The Association for Human Rights in Ethiopia (AHRE) is deeply concerned with the wide-ranging restrictions the state of emergency decree has enabled, which severely affect freedom of expression, freedom of assembly, association and peaceful protest in Ethiopia. Ethiopia’s close allies and partners in the international community unequivocally condemn the grave violations of human rights in Ethiopia and the misuse of the directive to silence political dissents, to threaten and systematically targeting journalists, bloggers, human rights activists and peaceful protestors across the country.
Since, the six-month nationwide State of Emergency was declared on October 9, 2016, tens of thousands of individuals have been arrested arbitrarily arrested. Dissent and independent reporting on the state of emergency directives has been quashed through the arrest of journalists, bloggers, human rights activists and opposition leaders and their members. On 12 November 2016 the Ethiopian the authorities have announced that they arrested some 11, 607 people since the declared state of emergency was enforced. However, different sources on the ground confirmed that the number of arrests is in reality much higher. According to AHRE, nearly twenty thousand people have been arrested in Oromia region, and over fifteen thousand have been arrested in Amhara region, notably in Gondar and Gojjam.
Our sources on the ground confirmed that most the authority has use harsh treatments in those detention centers, including denying medical treatments while knowing that the location of most of these prison centres are affected by high degree of malaria. Our sources confirmed most of the prisoners are suffering with malaria and other related infection with lack of medical attention. Prisoners are also forced to do some heavy military exercises for the purpose of punishment. The whereabouts of most of the detainees are also unknown, and access to information has been severely limited by a two month long suspension of 3G mobile internet network in several regions, including the capital Addis Ababa.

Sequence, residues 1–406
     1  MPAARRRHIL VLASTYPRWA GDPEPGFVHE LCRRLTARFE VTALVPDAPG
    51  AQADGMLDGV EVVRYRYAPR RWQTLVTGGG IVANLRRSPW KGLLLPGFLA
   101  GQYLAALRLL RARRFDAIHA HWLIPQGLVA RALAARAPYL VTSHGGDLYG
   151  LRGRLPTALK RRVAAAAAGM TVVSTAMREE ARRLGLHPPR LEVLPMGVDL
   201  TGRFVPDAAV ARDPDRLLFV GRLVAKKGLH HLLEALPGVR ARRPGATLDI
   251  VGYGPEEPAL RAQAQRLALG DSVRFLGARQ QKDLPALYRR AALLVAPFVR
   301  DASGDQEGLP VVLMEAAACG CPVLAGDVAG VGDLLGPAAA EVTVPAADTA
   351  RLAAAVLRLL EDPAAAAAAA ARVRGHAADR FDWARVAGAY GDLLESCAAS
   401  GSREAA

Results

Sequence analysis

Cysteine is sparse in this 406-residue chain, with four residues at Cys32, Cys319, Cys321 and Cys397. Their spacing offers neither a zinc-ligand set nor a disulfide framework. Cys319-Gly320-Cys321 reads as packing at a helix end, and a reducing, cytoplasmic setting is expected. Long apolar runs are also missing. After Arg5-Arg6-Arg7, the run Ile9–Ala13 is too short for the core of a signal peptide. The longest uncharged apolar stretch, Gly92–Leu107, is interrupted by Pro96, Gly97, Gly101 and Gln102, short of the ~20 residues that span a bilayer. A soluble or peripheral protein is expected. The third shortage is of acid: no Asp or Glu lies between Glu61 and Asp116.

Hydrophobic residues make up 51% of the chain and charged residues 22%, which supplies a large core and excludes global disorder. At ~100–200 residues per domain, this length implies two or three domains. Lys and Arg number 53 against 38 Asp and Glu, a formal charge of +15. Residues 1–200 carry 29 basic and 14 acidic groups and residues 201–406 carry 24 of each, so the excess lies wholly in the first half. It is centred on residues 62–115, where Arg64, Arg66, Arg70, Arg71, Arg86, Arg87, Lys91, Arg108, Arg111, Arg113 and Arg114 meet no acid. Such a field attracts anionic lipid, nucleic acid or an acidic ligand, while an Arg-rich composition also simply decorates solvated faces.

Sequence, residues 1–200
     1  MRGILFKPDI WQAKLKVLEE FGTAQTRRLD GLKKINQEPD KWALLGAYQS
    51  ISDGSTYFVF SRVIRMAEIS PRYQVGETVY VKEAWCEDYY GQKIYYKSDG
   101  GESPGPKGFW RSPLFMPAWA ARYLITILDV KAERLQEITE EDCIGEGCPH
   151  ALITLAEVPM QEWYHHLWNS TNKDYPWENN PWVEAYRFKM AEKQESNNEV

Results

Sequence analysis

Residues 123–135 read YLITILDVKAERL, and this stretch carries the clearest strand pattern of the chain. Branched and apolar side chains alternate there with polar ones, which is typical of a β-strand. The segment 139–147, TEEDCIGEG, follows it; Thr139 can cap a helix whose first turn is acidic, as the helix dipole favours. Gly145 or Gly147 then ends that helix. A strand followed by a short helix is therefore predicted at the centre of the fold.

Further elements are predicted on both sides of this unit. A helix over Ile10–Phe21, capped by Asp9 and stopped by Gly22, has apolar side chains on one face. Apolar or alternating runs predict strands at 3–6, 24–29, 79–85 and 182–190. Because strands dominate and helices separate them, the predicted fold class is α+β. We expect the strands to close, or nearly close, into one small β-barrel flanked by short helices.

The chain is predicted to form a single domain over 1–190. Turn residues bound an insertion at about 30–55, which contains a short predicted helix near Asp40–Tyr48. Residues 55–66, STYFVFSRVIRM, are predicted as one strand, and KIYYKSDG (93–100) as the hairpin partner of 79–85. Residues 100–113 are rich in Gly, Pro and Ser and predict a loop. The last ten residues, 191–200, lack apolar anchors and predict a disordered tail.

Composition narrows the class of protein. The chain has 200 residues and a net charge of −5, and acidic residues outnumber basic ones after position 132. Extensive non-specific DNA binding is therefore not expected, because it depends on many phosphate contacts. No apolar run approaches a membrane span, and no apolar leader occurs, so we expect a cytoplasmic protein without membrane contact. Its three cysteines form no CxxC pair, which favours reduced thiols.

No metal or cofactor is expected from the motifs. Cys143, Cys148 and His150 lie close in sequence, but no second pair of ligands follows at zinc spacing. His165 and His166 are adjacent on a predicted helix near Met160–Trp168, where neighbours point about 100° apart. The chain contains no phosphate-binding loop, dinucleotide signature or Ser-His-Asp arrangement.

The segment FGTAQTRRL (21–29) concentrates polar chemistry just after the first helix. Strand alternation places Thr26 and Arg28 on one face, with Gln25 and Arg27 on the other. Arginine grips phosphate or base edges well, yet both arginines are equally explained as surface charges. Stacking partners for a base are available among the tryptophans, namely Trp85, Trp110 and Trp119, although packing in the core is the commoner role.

On 18 October 2016, journalist Abebe Wube, the general manager of ‘Ye Qelem Qend’ newspaper, was arrested in Addis Ababa, by security forces. On 11 November 2016, police detained one of the Zone 9 bloggers and a co-founder of the collective, Befiqadu Hailu, who received the 2015 CPJ’s International Press Freedom Award from his parents’ house in Addis Ababa. It is also reported by CPJ that Befekadu was arrested in relation with an interview that he gave to the U.S. government-funded broadcaster Voice of America’s Amharic service, criticizing the government’s handling of protestors.
On 18 November 2016, former leader of UDJ, Daneil Shibeshi with other two journalists Elias Gebru and Ananiya Sori were arrested by security forces. The outspoken journalist and former political activist Ananiya Sori was arrested following his recent critic against the policy of the government and its reaction during the large protest in the country on a radio debate that was organized by the pro-government media, Fana Broadcasting, in October 2016.